03 May 2009

LotS: I never understood Aquinas

[McDonald's fries container, printed paper]

I never understood Aquinas

I never understood Aquinas
until, reading Dante, I met him
in the laser light show of Paradise,
explaining why he was not wrong
in saying Solomon surpassed all
mortals in wisdom—for wise Christ
himself was mortal for a time, running
thirty-three laps with us before riding out
on the breath of Heaven. The explanation
is unimportant, just Thom’s usual
didactic hedging—"one can be wise
in two ways"—dressed up in terza rima,
a three-strand necklace to brighten the cowl
of a robe black and white as his world.
Here in Heaven, surrounded by God’s glory
like a cloud of pot smoke in a dorm room,
Aquinas resists intoxication and stays
as grounded as his flashbulb soul can be.
Dante and I just smile and keep ascending.

I like to imagine the philosophers at a party,
one of those wine-dark shindigs one sees in Homer.
While Thomas hovers by the spinach puffs, Plato
stakes out his corner early: he knows who
will end up on whose couch, and drinks and jibes
while Dawn, her fingers ketchup-stained,
steals his fries. Aristotle, across the room,
is demonstrating the motion of the spheres
with toothpicks and Dixie cups; his audience
keeps looking around for someone else they know—
"Hey, Xenophon! It’s been a long time, dokei emoige."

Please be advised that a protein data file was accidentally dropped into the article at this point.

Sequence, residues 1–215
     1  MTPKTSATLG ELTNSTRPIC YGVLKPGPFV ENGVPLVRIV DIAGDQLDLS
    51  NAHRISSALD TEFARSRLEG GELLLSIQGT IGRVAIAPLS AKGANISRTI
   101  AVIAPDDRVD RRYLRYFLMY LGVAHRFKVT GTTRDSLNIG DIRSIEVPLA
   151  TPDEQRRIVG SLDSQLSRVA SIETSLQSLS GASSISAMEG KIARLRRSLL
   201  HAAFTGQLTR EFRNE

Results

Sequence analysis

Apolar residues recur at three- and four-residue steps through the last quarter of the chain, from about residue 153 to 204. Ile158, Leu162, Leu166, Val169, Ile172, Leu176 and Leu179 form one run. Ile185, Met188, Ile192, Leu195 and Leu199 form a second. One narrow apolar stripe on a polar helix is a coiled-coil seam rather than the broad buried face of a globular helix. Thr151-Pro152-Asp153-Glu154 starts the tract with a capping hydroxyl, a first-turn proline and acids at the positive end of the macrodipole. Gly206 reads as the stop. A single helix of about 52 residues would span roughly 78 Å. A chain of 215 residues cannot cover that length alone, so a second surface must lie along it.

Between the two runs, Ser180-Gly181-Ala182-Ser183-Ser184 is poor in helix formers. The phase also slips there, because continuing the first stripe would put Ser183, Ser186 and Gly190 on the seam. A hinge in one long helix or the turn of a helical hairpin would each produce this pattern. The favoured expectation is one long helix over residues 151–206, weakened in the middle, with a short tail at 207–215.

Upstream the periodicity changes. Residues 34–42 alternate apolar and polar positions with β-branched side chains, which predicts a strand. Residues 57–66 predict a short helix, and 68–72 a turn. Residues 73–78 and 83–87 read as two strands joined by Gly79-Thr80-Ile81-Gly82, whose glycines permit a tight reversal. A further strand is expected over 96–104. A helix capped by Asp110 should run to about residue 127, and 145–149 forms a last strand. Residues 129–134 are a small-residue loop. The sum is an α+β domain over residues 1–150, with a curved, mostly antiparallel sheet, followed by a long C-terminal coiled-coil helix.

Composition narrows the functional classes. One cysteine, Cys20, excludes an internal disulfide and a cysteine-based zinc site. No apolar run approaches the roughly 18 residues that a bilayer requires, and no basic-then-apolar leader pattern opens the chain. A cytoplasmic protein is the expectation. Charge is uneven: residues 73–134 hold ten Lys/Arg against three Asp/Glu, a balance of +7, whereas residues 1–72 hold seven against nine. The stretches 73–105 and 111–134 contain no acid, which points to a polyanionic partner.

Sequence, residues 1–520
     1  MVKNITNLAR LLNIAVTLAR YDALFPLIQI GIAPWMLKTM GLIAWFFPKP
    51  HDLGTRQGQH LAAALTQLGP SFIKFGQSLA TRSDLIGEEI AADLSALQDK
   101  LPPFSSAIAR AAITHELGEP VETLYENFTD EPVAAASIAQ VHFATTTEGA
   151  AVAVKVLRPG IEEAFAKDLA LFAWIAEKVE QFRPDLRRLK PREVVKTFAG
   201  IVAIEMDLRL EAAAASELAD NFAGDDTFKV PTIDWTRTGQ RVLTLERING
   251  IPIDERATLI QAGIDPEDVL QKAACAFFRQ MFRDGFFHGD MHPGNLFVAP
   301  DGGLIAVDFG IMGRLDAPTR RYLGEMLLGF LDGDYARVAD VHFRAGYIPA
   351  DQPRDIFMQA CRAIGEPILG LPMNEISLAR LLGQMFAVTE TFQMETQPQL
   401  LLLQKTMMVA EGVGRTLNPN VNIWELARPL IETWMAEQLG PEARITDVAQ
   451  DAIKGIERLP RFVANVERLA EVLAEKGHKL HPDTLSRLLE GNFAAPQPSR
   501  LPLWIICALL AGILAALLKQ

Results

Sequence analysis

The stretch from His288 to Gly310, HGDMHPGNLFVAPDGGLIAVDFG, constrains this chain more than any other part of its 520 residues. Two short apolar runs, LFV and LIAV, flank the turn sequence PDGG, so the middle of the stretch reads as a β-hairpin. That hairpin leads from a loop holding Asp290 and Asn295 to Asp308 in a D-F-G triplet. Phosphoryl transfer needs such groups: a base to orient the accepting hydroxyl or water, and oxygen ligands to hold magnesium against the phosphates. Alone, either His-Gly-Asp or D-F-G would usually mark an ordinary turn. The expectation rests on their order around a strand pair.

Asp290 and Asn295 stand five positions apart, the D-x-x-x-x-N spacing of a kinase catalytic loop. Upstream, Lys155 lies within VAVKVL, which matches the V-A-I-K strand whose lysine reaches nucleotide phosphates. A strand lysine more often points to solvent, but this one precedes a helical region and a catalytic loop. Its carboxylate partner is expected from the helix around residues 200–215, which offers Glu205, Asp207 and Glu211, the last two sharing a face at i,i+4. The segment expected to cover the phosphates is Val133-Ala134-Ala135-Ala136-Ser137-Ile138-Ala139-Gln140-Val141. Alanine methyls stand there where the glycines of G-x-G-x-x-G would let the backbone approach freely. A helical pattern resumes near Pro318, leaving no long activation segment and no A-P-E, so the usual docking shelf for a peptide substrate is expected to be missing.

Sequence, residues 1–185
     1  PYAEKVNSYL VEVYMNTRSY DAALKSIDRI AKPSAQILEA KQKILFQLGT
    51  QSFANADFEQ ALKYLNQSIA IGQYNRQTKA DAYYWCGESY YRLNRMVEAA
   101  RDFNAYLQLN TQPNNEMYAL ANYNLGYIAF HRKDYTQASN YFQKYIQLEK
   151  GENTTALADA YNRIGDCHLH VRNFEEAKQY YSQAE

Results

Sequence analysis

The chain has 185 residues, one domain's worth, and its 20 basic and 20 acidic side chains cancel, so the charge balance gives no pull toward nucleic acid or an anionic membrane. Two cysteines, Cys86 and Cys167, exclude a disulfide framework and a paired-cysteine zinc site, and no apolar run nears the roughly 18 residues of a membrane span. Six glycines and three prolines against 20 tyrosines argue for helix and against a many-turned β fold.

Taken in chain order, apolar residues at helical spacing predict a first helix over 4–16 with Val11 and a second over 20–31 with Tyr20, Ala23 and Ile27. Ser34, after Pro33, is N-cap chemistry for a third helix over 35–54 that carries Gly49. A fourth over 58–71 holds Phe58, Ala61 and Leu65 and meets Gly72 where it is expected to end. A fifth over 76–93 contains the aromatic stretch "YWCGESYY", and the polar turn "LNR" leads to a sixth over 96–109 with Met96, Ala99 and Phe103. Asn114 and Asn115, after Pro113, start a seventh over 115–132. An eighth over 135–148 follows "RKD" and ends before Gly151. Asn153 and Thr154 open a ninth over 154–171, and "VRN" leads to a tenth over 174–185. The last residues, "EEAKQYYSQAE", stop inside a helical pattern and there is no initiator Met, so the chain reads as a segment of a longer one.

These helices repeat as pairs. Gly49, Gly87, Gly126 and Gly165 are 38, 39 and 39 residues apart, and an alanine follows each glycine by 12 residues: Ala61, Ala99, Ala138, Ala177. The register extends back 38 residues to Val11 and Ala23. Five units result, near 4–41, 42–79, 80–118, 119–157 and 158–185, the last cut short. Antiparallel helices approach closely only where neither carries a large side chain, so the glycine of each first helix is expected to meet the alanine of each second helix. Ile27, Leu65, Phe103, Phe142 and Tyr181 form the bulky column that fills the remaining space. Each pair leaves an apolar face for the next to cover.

Plato holds sarcasm, irony, double entendre
like three aces in a poker hand, while Aristotle
organizes lowest to highest, spades to hearts,
and takes his values from the faces of his kings.
He doesn’t get the jokes.

Aquinas so revered Aristotle he called him The
Philosopher, and spent his life in scribbling
the organization of the deck God dealt,
finding the suits in sin and salvation, on
thousands of pages: the names of God,
the will of God, the eternal Law, in handy
Q&A format, every objection thought out
and blocked beforehand, a quote from Scripture
or the saints unrolling thin as latex between pagan
logic and his own. He’s a bitch to read.

Faith lives in me where logic only visists.
God is gut and the spider on the ceiling.
So I hated Aquinas till I saw him in Heaven,
glowing like a nightlight, discoursing on things
he should know by now don’t matter.
And then I understood. I saw him at the party,
bearing the yoke of being big and looking dumb.
He didn’t get the jokes either.

[Winner, 2002 Walter S. Baird Endowment Prize for Achievement in Fine Arts, St. John's College.]

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